Flying During Pregnancy: Comfort and Safety Tips

If you have plans to travel somewhere during your pregnancy, it's normal to feel anxious about what is safe and what is not safe for your pregnant body and your unborn baby. Air travel does have risks, especially to those individuals who have certain health issues.

But taking a flight on an airplane is generally no more dangerous for you than a non-pregnant person, unless you suffer from other health issues such as severe anemia, sickle cell disease, clotting disorders, or problems with the placenta.

However, there are some precautions that you should take and some things for you to consider when booking a flight during your pregnancy.

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When is it Safe to Fly During Pregnancy?

According to ACOG (The American College of Obstetricians and Gynecologists), the safest time for you to fly is between 18 and 24 weeks of pregnancy. This is simply because of the slightly higher risks of miscarriage before 18 weeks and of preterm labor after 24 weeks. So, you should try as much as possible to book your flight during or close to your second trimester of pregnancy.

Many airlines will not allow you to fly past 36 weeks of pregnancy. This is partly for your safety as well as theirs, as they do not want to risk a pregnant woman going into labor on their flight.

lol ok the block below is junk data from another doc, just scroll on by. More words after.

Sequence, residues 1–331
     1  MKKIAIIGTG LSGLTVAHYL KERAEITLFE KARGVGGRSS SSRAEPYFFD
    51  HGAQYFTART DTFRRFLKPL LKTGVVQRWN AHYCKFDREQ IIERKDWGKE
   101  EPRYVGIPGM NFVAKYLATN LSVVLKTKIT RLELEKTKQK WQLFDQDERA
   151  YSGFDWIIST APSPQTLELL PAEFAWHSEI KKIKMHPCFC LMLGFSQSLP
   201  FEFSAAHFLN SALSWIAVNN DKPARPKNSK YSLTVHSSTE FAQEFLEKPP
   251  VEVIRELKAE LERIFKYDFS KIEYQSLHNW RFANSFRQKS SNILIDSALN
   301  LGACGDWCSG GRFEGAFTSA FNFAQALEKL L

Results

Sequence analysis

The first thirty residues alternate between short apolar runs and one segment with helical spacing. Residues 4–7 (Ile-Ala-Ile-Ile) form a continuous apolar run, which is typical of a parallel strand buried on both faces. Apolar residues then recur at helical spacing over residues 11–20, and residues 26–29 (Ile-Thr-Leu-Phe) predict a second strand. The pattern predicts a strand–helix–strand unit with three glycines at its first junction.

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How to Comfortably Fly During Pregnancy

Safety shouldn't be your only concern when booking a flight. The second trimester is a great time to fly because you'll be much more comfortable during that time as well.

If possible, book a seat that will have more leg room. You can also request to be seated near a bathroom. Try and get a seat next to the aisle so that you can stand up and walk around on occasion to stretch your legs.

More Tips for Flying During Pregnancy

– Use the restroom before boarding the plane to reduce your trips to the bathroom on the flight.

– Airplane bathrooms are tiny, and the bigger you're pregnant belly is, the harder it will be to squeeze into that little room.

– Bring your own snacks and water so you don't have to rely on a busy flight attendant.

– Keep yourself well hydrated.

– Get up or stretch your legs often; Book a seat next to the aisle if at all possible.

– Bring some ginger tablets or Dramamine if you're feeling queasy or you get motion sickness.

Talk to your doctor or midwife about your travel plans. He or she may be able to offer some advice and instruction on when and how you should go about taking a flight during your pregnancy.

Vanessa Pruitt, PLMHP, MS

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